WebMD Medical News
Brunilda Nazario, MD
July 17, 2012 -- For the second time in less than a month, the FDA has approved a new prescription weight loss drug.
Qsymia, developed by California-based Vivus Inc., combines two already prescribed medications -- the stimulant phentermine and the anti-seizure drug Topamax (topiramate) -- in a controlled-release pill that is taken once a day.
Last February, an FDA advisory panel overwhelmingly voted to recommend the drug, formerly called Qnexa, for promoting weight loss in people who are obese, with the exception of pregnant women.
"Obesity is one of the biggest problems we are facing in health care, and we need more tools to help people lose weight," says diabetes specialist Abraham Thomas, MD, who served on the FDA advisory panel. "But these drugs are not a replacement for lifestyle changes."
Qsymia's approval came as an addition to a reduced-calorie diet and exercise.
It is approved for use in adults with a body mass index (BMI) of 30 or above, which is considered obese, or a BMI of 27 or greater (overweight) with at least one weight-related condition, such as high blood pressure, type 2 diabetes, or high cholesterol.
Just as with Belviq (lorcaserin), the weight loss drug that was approved last month, federal officials will require post-marketing studies to look for evidence of increased heart disease or stroke risk in people who take Qsymia.
Women who might become pregnant are also being advised to use effective birth control while on the drug, and monthly pregnancy tests are also being recommended, along with an initial negative pregnancy test before starting the medication.
Fetal exposure to topiramate has been linked to an increased risk for cleft lip, with or without cleft palate.
Qsymia also must not be used in people with glaucoma or hyperthyroidism. And it's not recommended for people with recent or unstable heart disease or stroke.
Patients are recommended to have regular monitoring of heart rate when starting the drug or increasing the dose.
The FDA approved Qsymia with a Risk Evaluation and Mitigation Strategy (REMS), designed to educate prescribers and their patients about the increased risk of birth defects associated with first trimester exposure to the drug, along with the need to avoid pregnancy while taking it.
And the drug will only be dispensed through specially certified pharmacies.
The FDA rejected Vivus' first petition for the drug's approval in October 2010, citing, among other things, concerns that the medication increased the risk of heart attack and stroke.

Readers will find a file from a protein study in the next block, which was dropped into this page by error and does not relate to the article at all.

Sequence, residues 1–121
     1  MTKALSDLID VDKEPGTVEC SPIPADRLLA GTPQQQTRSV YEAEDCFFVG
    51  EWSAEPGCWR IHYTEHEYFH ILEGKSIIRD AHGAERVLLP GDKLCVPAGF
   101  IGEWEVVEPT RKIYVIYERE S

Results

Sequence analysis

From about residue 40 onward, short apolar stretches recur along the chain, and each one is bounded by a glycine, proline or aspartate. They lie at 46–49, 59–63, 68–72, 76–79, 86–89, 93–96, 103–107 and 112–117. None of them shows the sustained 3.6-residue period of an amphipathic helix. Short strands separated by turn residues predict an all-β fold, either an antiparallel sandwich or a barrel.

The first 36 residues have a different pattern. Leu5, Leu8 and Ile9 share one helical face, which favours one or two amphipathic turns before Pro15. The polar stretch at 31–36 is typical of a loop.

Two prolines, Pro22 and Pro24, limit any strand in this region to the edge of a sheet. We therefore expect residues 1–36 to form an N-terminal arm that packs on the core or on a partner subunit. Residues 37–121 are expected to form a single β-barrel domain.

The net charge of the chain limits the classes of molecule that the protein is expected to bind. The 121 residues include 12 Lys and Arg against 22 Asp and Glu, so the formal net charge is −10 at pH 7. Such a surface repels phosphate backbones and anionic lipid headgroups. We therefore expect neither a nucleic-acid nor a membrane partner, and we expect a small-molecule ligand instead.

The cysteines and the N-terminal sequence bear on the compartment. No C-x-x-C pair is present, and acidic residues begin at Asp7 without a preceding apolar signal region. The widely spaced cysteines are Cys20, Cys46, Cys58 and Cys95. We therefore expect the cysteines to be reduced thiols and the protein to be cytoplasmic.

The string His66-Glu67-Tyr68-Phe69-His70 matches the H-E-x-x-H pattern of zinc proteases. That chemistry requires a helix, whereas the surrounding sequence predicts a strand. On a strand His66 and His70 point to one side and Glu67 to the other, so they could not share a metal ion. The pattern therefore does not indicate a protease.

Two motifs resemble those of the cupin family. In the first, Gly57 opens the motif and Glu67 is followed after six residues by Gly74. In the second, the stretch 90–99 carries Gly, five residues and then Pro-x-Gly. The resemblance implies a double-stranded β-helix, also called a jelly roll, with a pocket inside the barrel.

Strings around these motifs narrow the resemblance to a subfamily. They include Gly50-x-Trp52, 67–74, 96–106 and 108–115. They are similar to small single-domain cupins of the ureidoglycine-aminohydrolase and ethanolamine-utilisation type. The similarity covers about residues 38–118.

That same month, the agency also failed to approve Belviq and forced the removal of the weight loss drug Meridia from the market because of concerns of an increased risk of heart disease and stroke.
The approval of two new drugs in just a few weeks signals recognition by federal officials that new weapons are needed in the battle against obesity, says W. Timothy Garvey, who chairs the department of nutrition sciences the University of Alabama at Birmingham.
Garvey was a lead researcher in the Qsymia studies.
Patients in those trials who took Qsymia and made lifestyle changes lost an average of about 10% of their body weight after one year on the drug, compared to a 2% weight loss in people who took placebo pills.
Although this loss is considered modest, it was still about twice as much as was reported in trials of Belviq and some other weight loss drugs.
Side effects included constipation, dry mouth, and tingling in the fingers and toes, but Garvey says there was no evidence of an increase in heart disease or stroke risk.
He adds that people with diabetes or those at high risk for developing diabetes may benefit most from taking the drug.
In the company-sponsored studies, these patients showed improvements in blood sugar control, along with weight loss.
"We haven't had a new drug for obesity in over a decade," Garvey says. "These drugs help fill this void."
But critics counter that people who take the drugs may be taking a risk.
"In the case of (Qsymia), this is the second time that a company has sought to combine (the stimulant) phentermine with another drug," says Sidney Wolfe, PhD, who is director of health research for the consumer group Public Citizen. "The first time was fen-phen."
At the height of its popularity in the 1996, 18 million prescriptions were written for the combination of fenfluramine and phentermine, or fen-phen.
Fenfluramine was taken off the market after being linked to potentially serious heart valve problems in as many as 1 in 3 users.
"These (new) drugs were approved because patients and doctors are desperate," he says.
The medication will be available by the fourth quarter of this year, but the price is not being released yet, according to media reports.
SOURCES:Abraham Thomas, MD, chairman, FDA advisory committee on Qsymia; endocrinologist, Henry Ford Hospital, Detroit.Michael Aziz, MD, weight loss specialist and internist, Lenox Hill Hospital, New York.Sidney Wolfe, MD, director of health research, Public Citizen.W. Timothy Garvey, MD, endocrinologist and chair of the department of nutrition sciences, University of Alabama at Birmingham.News releases, FDA.News release, Vivus.
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